The Problem

Wisconsin Landscapes are in Jeopardy due to Invasive Plants!

An invasion is under way that is endangering our health, undermining our economy and destroying our most precious natural treasures. The incursion comes not from foreign armies, political terrorists, or extraterrestrials. Instead, the stealthy aliens are invasive species. These plants and animals have been introduced – either intentionally or by accident – into areas outside their natural ranges. Unchecked by natural controls, invasive species are spreading across our lands and through our waterways, and wreaking havoc with already fragile native species and ecosystems. Invasive species are now regarded as the second-leading threat to imperiled species, behind only to habitat destruction.

Invasive plants can change the food web in an ecosystem by destroying or replacing native food sources. Invasive plants may provide little or no food to value for wildlife. Some invasive plants are capable of changing the conditions in an ecosystem, such as changing the soil chemistry. Not only do invasive plant species pose a direct threat to native species by out-competing them for space or nutrients, but they also pose indirect threats.

The following are only a small example of how invasive plants can pose a threat to:

Your Health

Wildfire Risks

Your Hunting

Tree Regeneration

Native Birds

Detrimental to Your Health

Wild parsnip (Pastinaca sativa) grows along roadsides, in pastures, edges of fields and in prairies. Although it is an invasive plant, wild parsnip is growing in all of Wisconsin’s 72 counties. Wild parsnip is one invasive plant that causes intense, localized burns from the chemicals in its sap. Burns from wild parsnip can be so severe that they require medical attention, possible hospitalization. Unsuspecting children are especially at risk to this harmful invasive.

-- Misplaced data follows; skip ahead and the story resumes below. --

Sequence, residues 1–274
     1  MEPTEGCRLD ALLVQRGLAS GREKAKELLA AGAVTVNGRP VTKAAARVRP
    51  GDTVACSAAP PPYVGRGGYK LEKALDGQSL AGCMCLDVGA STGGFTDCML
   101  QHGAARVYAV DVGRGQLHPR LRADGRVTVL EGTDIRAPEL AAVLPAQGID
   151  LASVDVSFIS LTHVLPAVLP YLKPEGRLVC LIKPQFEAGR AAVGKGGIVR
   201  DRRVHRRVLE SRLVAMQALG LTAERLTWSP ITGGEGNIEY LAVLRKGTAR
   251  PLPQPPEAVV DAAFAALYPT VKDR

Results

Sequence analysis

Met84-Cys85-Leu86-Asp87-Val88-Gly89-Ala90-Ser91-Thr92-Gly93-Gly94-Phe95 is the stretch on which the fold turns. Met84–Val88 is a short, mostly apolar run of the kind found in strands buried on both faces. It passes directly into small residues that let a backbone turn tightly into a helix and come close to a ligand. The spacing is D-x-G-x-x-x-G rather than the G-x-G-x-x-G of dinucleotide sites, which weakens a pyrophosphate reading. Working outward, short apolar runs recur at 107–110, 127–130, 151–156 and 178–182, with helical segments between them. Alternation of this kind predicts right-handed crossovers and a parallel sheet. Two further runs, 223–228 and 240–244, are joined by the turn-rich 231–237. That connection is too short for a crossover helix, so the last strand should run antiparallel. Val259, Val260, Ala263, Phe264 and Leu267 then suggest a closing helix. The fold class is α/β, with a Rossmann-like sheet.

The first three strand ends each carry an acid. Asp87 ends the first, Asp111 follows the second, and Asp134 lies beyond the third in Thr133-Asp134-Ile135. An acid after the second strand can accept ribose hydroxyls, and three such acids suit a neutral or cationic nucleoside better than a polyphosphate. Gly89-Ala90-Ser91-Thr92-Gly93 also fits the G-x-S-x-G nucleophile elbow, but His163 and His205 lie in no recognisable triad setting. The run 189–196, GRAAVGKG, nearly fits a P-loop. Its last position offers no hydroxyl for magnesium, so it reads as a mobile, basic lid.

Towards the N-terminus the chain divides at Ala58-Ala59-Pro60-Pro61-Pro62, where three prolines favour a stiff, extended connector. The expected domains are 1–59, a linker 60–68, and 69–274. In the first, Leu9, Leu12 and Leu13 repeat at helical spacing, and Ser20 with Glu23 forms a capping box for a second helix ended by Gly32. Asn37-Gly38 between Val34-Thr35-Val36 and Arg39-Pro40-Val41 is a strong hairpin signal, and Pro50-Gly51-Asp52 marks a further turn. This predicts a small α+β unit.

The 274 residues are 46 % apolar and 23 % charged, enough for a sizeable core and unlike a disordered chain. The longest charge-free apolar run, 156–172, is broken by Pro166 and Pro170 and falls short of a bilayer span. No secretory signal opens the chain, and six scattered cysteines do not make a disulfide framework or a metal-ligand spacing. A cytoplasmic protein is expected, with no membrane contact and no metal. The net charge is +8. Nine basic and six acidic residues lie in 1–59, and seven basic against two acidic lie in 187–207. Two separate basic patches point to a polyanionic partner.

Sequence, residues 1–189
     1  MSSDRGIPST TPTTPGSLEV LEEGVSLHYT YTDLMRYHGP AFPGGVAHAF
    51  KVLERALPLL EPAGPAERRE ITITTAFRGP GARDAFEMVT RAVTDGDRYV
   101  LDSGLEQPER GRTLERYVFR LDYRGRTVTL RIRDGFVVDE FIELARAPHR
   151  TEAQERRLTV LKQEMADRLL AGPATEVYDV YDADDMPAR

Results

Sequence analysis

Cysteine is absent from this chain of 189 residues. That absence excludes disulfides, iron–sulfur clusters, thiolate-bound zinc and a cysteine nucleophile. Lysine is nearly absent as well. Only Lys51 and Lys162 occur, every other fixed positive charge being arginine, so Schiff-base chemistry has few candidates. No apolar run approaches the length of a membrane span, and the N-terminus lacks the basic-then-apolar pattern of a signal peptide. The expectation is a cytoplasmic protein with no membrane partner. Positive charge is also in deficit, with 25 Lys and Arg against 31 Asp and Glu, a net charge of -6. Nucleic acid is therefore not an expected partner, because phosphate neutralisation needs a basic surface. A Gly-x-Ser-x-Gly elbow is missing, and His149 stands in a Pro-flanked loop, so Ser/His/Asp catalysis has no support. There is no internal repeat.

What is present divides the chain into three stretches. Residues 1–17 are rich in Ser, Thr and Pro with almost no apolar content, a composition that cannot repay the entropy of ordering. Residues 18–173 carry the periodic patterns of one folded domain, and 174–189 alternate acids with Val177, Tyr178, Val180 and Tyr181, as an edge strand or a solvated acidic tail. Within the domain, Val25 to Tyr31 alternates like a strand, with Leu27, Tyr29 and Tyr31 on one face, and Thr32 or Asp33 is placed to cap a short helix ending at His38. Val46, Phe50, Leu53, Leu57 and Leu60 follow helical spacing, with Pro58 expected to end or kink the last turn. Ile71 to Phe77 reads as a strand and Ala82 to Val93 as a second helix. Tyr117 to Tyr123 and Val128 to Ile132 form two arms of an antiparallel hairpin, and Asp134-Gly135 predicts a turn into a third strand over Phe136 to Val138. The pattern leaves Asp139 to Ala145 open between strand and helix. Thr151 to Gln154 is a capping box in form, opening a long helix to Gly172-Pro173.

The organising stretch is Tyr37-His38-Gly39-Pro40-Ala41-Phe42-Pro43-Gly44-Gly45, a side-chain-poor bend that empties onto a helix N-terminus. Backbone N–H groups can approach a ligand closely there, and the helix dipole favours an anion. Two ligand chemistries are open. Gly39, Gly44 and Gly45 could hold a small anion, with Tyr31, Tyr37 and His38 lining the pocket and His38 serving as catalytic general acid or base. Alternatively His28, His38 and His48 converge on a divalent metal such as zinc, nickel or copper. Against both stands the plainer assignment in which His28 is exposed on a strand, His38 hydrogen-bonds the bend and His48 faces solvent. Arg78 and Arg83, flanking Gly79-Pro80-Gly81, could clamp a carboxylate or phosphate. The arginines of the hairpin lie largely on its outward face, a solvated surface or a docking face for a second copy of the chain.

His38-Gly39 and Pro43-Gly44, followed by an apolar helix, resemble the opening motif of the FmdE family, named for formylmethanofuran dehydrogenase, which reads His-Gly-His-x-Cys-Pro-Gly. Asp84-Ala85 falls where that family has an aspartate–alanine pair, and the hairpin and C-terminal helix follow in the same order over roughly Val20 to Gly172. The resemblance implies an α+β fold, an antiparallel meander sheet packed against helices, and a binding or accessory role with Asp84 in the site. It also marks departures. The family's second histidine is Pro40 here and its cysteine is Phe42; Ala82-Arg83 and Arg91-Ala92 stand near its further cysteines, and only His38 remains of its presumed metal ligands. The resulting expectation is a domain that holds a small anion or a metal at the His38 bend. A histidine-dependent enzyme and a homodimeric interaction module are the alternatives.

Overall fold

Japanese barberry (Berberis thunbergii), creates an environment where ticks and white-footed mice thrive and reproduce, increasing the risk of the transmission of Lyme and other potentially dangerous infectious diseases. Studies have shown that an acre of forest containing Japanese barberry has over 10 times the number of Lyme disease-carrying ticks, then an acre of forest without barberry.

Increases Wildfire Risks

Do you know, one reason that Western wildfires are becoming more and more dangerous is because of an invasive plant? Cheatgrass (Bromus tectorum) is spreading across the country. It outcompetes native plants and dries out early in the growning season, making it combustible and is twice as likely to burn as native plants.

Thankfully, cheatgrass is not a huge threat for Wisconsin yet, but the invasive phragmites (Phragmites australis) is becoming one. Phragmites has been linked to increased fire risk. It can burn at a rate of one to three football fields a minute. On the East Coast, government officials have issued a fire protection plan that requires residents of high-risk areas near the shore to use flame-resistant materials for new roofs, decks and fences and to mow around houses and buildings.

Negatively Impacts Your Hunting Success